Fostering The Culture Of Fitness

Boston Teams: Greater Boston Track Club

Posted by Will Allen

Apr 14, 2014 11:00:00 AM

If you talk to someone who was into running in Boston in the 1970s and 80s and mention the names Bill Rodgers, Randy Thomas or Alberto Salazar, you're sure to see that person's face light up, and hear comments about how they dominated distance running. They were also members of the elite Greater Boston Running Club, or GBTC.

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Bill Rodgers winning the 1980 Boston Marathon

GBTC was founded in 1973 when Boston College senior Jack McDonald gathered Bill Squires, Bob Sevene, Don Ricciato, Kirk Pfrangle, Dick Mahoney and Dave Elliott together to assess interest in forming a track club for the post-collegiate runner. Later adding running legends Bill Rodgers and Alberto Salazar, the GBTC would go down in history as one of the greatest-ever amateur distance running clubs in the world. Accolades included Boston Marathon wins in 1978 and 1979, multiple top 10 finishes in the Boston Marathon, more than 20 New England titles at various distances from 1973-1980; six consecutive U.S. 25K road racing team titles beginning in from 1974-1979, and numerous others. 

ESPN.com: 12 Days: Bill Rodgers sees race as a healer.

These guys were fueled by a passion for running and competition. On the GBTC website they tell a story of Randy Thomas and two of his teammates going to the 1977 Penn Relays with barely enough money to pay for fuel, hotels, food, and repairs on Randy's car. They didn't care though, there passion was running, and they were determined to race.

That passion has been passed down to the many runners that have followed them. I went out for a run with current GBTC member and friend Victoria Barnaby to learn about her experience training and competing with the GBTC:

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Victoria Barnaby in center, #478 (photo by GBTC ass't coach Rod Hemmingway)

One of the themes that shined through in our conversation was the sense of community within the team. They have runners of all different distances and speeds; runners competing in national competitions and locals races; runners who train twice a day and runners who train a few times a week. But whether they're training for the Boston Marathon or a local 5k, to a person they've always encouraged community and competition.

"I'm so lucky to found GBTC when I did. The group has been like family to me," Victoria tells me. "I joined when I was 19 turning 20 and have been on the team for over 5 years now. GBTC has helped me achieve so much not only in the sport of running, but especially in my career and personal life. I've benefited from the coaching staff, support of my teammates (who are more accurately dear friends) and even financially from GBTC."

When Victoria first joined the Greater Boston Track Club, she was a college student at Boston University. Due to a past injury, BU felt it was too risky to let her join their team. Undeterred and determined to run, she found the GBTC which welcomed her into their team. In her years training with the team, she has run a 5:00 1 mile, holds the GBTC record at the Steeplechase, and competes at distances as short as 3000m and as long as 20 miles. "I personally went from a very good-to-average runner to a sponsored runner for GBTC because of their club system." The club helps to subsidize out of pocket expenses related to race fees, race travel, sports gear, and high level coaching.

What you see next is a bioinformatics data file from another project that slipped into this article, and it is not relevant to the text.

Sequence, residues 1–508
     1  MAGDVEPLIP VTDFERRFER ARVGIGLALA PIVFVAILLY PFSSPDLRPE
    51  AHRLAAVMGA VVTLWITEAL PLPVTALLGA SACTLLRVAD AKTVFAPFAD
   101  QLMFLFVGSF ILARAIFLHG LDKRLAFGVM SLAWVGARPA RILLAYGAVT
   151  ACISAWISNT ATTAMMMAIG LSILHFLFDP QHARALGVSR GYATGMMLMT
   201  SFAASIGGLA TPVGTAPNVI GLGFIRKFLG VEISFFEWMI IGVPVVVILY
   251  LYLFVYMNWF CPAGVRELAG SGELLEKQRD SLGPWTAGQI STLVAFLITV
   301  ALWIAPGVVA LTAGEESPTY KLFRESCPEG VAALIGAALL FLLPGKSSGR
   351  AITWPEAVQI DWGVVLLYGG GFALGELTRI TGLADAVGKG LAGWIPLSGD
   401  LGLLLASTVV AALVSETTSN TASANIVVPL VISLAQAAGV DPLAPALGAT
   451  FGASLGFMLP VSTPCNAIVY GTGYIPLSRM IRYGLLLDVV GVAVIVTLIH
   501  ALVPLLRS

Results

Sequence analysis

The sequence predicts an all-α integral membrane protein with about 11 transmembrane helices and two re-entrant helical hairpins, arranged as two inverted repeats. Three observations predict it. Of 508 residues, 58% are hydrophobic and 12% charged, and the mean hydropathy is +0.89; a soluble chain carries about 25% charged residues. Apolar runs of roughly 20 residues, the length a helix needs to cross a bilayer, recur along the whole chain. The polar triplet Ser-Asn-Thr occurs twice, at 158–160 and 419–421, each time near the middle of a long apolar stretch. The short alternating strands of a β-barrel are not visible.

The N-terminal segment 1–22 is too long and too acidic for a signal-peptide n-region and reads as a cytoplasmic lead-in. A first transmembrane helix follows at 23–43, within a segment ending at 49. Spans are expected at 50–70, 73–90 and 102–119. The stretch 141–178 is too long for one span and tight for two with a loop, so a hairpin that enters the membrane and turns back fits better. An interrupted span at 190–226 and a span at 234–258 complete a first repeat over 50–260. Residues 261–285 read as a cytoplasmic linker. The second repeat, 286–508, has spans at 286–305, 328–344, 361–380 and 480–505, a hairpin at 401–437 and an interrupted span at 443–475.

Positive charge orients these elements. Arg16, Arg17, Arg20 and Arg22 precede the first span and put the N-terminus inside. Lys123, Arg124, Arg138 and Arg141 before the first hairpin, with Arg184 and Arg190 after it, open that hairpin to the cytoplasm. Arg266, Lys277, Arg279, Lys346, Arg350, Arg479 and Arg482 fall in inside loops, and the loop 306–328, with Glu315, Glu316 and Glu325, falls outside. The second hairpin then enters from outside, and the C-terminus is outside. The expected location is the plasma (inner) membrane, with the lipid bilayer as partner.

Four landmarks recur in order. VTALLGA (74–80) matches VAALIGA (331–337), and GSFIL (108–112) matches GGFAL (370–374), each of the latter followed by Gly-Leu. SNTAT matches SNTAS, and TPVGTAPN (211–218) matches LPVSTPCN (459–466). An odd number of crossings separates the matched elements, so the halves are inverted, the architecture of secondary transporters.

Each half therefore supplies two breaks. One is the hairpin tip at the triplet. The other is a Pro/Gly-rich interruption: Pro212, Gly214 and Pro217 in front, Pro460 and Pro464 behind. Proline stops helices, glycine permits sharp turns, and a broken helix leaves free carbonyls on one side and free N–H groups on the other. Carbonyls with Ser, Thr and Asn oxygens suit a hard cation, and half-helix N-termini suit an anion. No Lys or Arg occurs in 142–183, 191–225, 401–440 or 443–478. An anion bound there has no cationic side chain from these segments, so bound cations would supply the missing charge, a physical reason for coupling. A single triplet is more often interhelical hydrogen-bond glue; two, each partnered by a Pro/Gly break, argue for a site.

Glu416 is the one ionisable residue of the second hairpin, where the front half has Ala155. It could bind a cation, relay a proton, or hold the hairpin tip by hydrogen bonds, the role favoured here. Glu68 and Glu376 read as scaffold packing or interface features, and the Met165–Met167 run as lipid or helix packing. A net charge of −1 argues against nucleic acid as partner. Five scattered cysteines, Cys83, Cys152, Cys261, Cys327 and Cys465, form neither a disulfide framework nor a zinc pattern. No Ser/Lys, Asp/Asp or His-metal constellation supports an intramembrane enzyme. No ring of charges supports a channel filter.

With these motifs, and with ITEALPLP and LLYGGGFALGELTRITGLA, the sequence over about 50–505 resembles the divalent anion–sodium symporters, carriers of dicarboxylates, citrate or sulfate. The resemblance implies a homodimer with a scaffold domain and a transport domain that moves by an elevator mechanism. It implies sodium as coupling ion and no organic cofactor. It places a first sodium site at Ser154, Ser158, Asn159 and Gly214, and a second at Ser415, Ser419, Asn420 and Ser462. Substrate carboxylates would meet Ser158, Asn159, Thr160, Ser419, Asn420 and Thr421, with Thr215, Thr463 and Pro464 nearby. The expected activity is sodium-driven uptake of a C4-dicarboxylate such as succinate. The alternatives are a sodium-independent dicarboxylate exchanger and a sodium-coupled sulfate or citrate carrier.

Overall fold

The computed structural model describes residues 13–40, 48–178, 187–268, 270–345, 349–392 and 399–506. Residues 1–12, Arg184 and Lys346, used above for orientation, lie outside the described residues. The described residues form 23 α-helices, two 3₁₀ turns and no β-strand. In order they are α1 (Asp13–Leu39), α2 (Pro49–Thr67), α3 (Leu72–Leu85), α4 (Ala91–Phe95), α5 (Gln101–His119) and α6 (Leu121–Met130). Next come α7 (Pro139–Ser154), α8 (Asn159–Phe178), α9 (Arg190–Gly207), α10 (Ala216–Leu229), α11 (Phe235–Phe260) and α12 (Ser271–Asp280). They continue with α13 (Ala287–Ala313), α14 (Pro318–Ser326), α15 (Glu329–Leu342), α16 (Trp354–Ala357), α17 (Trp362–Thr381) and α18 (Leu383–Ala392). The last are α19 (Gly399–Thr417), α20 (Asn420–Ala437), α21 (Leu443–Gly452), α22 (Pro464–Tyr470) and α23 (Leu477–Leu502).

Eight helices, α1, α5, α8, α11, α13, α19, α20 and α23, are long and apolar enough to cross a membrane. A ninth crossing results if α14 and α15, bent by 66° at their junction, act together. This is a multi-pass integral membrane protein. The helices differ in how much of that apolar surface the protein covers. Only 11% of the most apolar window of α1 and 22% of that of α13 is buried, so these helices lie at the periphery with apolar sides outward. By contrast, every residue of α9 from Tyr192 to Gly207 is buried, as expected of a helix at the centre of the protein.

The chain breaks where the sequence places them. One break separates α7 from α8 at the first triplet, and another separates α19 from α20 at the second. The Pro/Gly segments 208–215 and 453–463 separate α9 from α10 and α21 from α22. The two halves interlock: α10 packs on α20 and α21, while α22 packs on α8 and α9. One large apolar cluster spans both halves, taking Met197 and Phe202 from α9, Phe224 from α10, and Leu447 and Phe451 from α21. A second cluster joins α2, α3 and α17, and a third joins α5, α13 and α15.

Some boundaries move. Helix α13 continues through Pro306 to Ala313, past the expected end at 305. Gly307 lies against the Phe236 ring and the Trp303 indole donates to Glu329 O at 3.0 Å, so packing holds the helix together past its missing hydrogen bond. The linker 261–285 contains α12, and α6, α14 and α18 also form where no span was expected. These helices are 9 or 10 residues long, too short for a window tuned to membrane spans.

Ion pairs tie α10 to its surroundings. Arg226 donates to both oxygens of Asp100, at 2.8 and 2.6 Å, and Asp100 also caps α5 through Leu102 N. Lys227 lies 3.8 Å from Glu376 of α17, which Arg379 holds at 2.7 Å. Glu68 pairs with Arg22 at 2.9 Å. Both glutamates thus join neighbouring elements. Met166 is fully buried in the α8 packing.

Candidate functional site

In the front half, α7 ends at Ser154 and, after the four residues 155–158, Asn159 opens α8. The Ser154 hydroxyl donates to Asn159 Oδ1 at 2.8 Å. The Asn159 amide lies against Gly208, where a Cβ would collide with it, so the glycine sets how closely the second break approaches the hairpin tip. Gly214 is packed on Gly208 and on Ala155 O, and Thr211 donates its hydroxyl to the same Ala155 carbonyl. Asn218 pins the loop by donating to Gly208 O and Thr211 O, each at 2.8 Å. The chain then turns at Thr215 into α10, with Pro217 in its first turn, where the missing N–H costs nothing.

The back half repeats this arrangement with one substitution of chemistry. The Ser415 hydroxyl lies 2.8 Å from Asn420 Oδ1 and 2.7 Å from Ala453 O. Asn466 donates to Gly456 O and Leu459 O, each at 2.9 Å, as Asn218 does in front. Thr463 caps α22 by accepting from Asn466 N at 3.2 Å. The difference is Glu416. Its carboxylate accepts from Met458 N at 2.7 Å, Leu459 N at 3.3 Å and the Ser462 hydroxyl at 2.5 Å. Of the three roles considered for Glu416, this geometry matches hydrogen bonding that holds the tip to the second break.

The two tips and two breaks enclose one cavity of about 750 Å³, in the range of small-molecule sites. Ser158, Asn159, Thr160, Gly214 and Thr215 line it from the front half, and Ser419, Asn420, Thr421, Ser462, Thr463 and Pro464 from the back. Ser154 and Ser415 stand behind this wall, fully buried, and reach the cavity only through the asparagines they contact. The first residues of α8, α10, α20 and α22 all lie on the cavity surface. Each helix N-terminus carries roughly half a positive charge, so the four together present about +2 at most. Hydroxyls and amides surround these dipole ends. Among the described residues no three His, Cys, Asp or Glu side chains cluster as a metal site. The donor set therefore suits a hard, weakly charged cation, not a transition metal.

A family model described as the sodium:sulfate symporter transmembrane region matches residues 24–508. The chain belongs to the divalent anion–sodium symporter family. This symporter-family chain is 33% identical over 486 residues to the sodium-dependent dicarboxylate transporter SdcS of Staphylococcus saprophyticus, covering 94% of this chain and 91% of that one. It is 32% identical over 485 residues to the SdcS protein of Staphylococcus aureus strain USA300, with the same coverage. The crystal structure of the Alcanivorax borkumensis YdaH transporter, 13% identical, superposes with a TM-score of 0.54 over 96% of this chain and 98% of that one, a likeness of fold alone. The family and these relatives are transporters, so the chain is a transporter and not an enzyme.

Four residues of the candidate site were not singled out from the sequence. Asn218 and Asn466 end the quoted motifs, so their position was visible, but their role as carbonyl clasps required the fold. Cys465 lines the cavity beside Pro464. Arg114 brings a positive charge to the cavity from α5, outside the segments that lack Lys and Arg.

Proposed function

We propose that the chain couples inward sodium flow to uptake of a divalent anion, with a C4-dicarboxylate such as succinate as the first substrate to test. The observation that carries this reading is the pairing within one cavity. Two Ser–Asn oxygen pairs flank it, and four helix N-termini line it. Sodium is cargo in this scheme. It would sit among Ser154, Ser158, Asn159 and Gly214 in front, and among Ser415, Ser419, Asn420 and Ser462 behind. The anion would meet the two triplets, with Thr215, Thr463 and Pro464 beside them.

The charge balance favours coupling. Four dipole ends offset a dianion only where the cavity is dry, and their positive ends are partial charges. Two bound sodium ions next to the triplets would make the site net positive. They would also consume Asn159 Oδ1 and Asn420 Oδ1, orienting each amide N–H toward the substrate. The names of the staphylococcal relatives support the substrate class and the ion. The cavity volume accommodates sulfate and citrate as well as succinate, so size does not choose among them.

Through hard work, supported by a strong community, Victoria and many GBTC members past and present have found success, whether by setting personal records or winning the Boston Marathon.

Curious to learn more about the Greater Boston Track Club? Test out a practice! Tuesday nights, 7 PM at Reggie Lewis Track and Athletic Center.

 

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Topics: Local Teams, Boston Teams

Boston Social Athletes announces social partnership with E3 Triathlon Team

Posted by Will Allen

Mar 26, 2014 11:08:00 AM

Boston Social Athletes is excited to announce a new social partnership with E3 Triathlon Team (E3TT). E3TT is a multisport endurance team committed to creating a friendly and supportive environment for athletes of all levels to train, socialize, and compete in triathlon, running, and cycling events locally, across the country, and around the world.

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When head coach Jorge Martinez (in center in photo above) approached me a few weeks ago with the idea of making our monthly socials his team's monthly socials, I was intrigued with the idea. When we spoke, he mentioned that "while a Tri only social can be appealing, I personally love the idea to get different groups of active people together. That way people can share experiences across sports and help/support each other." The minute I heard those words, I knew it was the perfect partnershipThis is exactly what Boston Social Athletes is all about.

This idea of strength in the community was mirrored by team president Jeff Williams. "One of the most important things to note about E3, and one of the main reasons why we see such alignment with BSA, is based on the fundamental belief that a team can not depend on a competition alone. E3 athletes are not only dedicated to their own constant athletic improvement, but are also socially minded citizens, dedicated to providing an encouraging, positive environment to their teams. They also consider themselves ambassadors to their team, sponsors, and endurance sport community."